Too much fizz?
Time was when one could consume a cola without guilt. It was considered a sign of upward class mobility, to scorn the “local” drinks like Vincent’s, Kali cola and others of their ilk, and opt for Coke. Mothers pressed it on children as though it were some health drink: some even thought of it as a panacea for gas and indigestion, much like a soda.
With the unceremonious exit of Coke from the domestic market, it became a sign of class of a different kind to smuggle Coke into the country in suitcases, hidden inside vests and briefs, or to be able to buy it in Burma Bazaar. Thums Up, Limca, Gold Spot (“I have a soft spot for Gold Spot”) and Citra ruled the roost, endorsed alike by celebrity and kisan.
The Second coming
Then Coke came back, much like a prima donna reclaiming centrestage, this time accompanied by another multinational giant- Pepsi. It was time for all other players to gather up their skirts and leave. Some gamely tried to make a match of it- like Thums Up. But the makers of drinks are not to be taken lightly. Accustomed to enticing customers to gulp down their wares, they are past masters at the art of swallowing up their rivals- and swallow they did. Thums Up and its sister brands are now part of the Coca Cola India stable.
Parle, the original owners of Thums Up, moved on to concentrate on selling bottled mineral water under the brand name Bisleri, at that time a somewhat low profile concern launched by an Italian company. It certainly was good timing. The Indian bottled water market was just opening up, and soon Bisleri became synonymous with mineral water.
Ill health or clean bill of health?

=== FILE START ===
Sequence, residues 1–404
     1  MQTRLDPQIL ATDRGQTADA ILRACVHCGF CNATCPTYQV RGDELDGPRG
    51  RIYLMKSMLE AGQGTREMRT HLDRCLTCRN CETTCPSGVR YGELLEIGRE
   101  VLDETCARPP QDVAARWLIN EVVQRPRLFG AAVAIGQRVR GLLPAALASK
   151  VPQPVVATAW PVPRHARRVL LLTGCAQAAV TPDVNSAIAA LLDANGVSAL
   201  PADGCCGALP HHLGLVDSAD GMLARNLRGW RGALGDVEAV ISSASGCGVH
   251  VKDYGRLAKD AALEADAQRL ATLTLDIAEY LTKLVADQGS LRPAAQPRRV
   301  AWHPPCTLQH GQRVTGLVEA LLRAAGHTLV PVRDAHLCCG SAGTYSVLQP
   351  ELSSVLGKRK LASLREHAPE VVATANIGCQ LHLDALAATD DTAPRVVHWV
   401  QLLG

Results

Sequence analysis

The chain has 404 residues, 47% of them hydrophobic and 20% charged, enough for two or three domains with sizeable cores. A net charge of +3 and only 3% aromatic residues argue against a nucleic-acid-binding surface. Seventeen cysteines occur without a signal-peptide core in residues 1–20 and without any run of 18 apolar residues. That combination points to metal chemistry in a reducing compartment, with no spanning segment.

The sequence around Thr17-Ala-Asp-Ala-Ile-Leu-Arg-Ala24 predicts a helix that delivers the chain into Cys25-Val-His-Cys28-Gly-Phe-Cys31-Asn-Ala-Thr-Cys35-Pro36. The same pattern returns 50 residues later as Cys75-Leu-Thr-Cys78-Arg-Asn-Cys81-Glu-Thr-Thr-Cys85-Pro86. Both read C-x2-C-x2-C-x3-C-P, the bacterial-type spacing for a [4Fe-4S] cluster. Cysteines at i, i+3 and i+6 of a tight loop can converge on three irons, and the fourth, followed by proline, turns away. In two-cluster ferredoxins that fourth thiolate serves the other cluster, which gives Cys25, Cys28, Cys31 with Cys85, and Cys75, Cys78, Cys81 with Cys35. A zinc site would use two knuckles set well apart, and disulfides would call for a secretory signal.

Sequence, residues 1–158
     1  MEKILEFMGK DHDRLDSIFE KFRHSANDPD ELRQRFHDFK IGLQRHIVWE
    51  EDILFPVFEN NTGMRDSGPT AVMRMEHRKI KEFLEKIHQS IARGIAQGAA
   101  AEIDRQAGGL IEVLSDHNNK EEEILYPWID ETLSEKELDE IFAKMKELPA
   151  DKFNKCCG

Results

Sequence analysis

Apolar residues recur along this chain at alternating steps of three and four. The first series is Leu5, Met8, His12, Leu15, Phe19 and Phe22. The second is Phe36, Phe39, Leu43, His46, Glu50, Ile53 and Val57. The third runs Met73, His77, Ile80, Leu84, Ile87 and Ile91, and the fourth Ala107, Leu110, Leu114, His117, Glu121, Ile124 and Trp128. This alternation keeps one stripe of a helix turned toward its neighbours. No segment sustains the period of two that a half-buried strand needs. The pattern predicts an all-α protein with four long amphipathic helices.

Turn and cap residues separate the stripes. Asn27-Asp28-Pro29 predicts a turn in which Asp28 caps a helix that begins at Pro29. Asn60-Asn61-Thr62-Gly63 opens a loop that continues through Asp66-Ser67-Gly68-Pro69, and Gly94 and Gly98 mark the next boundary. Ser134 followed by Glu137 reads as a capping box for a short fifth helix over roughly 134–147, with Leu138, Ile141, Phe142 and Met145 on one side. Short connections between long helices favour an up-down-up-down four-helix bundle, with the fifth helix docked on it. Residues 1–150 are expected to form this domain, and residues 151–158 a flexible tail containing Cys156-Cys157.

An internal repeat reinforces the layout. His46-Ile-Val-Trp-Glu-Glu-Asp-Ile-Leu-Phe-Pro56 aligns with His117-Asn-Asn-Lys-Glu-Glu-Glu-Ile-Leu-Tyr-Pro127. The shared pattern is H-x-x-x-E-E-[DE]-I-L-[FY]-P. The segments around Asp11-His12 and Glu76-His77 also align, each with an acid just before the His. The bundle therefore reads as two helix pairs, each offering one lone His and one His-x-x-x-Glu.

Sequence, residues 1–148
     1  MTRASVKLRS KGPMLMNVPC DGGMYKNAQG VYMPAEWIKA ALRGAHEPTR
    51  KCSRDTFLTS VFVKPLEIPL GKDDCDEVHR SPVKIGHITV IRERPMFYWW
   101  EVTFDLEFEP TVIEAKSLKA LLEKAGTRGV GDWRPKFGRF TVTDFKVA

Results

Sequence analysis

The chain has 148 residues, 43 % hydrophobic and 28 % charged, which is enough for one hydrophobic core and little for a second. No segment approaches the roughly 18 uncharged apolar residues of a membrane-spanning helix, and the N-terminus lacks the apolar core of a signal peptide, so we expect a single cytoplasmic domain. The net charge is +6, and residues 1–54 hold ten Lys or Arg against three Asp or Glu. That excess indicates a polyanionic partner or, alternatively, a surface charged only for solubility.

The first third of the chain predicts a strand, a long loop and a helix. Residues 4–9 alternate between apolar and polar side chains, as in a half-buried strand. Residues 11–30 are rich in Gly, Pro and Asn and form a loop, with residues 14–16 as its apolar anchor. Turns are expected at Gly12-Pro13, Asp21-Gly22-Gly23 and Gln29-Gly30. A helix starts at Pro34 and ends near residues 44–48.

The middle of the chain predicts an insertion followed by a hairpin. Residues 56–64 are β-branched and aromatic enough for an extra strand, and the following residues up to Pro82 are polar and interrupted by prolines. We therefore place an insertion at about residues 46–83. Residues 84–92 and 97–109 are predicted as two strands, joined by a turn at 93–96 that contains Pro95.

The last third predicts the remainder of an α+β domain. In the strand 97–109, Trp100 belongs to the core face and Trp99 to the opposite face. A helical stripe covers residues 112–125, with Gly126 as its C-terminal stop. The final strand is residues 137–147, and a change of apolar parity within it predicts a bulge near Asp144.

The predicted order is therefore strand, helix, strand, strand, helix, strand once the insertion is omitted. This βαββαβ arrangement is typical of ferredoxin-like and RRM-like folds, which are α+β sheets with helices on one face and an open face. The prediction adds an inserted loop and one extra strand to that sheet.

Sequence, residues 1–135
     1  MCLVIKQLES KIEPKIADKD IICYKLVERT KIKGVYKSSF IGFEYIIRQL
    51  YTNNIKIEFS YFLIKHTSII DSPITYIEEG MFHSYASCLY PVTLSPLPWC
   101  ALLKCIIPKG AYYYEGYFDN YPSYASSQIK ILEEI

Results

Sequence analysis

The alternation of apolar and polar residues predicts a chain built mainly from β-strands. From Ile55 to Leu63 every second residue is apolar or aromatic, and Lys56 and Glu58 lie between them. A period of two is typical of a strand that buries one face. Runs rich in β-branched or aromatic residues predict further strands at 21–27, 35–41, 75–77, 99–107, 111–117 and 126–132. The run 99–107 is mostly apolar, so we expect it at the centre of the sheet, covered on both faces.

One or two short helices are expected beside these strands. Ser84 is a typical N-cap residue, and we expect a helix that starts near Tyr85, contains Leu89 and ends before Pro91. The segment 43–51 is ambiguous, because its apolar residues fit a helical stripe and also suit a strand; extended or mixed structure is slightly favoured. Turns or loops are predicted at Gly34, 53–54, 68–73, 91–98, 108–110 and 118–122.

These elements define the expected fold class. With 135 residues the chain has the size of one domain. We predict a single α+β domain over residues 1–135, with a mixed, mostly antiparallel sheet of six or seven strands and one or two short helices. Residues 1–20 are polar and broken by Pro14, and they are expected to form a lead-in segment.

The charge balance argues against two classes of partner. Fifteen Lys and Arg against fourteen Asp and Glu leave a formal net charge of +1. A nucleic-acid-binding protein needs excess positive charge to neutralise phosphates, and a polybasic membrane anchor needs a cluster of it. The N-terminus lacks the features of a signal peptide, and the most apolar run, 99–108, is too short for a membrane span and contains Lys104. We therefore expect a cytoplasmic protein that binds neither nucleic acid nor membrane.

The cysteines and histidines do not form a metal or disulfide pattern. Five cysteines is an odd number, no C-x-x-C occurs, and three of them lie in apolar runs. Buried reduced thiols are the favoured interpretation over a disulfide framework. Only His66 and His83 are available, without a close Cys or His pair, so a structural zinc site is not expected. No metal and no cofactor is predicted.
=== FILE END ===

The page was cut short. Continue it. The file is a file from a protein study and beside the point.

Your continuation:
From the late nineties, the makers of colas and carbonated drinks have had to contend with questions like, is Coke good for health? Is it not full of “empty” calories? Is it not bad for teeth? Is it not teeming with pesticide? They have come back hard at their detractors with a massive advertising blitzkrieg. Public memory is short, as is evidenced by the fact that in 2013, the volume of soft drinks consumed in India was a whopping 11,755 million litres, a figure that is likely to go up annually by 19%.
So, given this fact, is it such a good idea for Bisleri to come up with not one, but four fizzy drinks? Will they be able to make a dent in the Indian soft drinks market? The makers bravely claim that Spyci, Limonata, Fonzo and Pina Colada, have unique flavours and are capable any day of giving the Cokes and Pepsis a run for their money. We can concede that, outside the big city tiers, there are still drinks like Bovonto and Kali Mark in Tamilnadu and home-grown raspberry sodas such as Pallonjis, peddled by the Parsi community in the suburbs of Mumbai. Nevertheless, they are all being made and sold by third and fourth generation entrepreneurs who themselves express doubts about being able to stretch it further. We may also concede that Bisleri is not in the same league as these family-run businesses, and is capable of running huge advertising campaigns, but, given its image as peddlers of “safe” drinking water, how safe are the new drinks that it’s launching with fanfare? Would it not have been better to play safe and go the Paper Boat way of launching uniquely Indian flavours with a tinge of nostalgia? Or to launch a plethora of fruit-based and organic drinks, considering the fact that “herbal” and “organic “ are the new mantras doing the rounds? Bisleri, you have given us a hard pill to swallow.
However, looking at the elasticity of the Indian market, there’s a place for everybody in the sun. For every gym-bag toting svelte Indian female virtuously gulping down her tofu smoothie, there are a thousand happily ignorant individuals who never heard of the pesticide scandal. Bisleri Pop may just be the proverbial dark horse that gallops in from behind.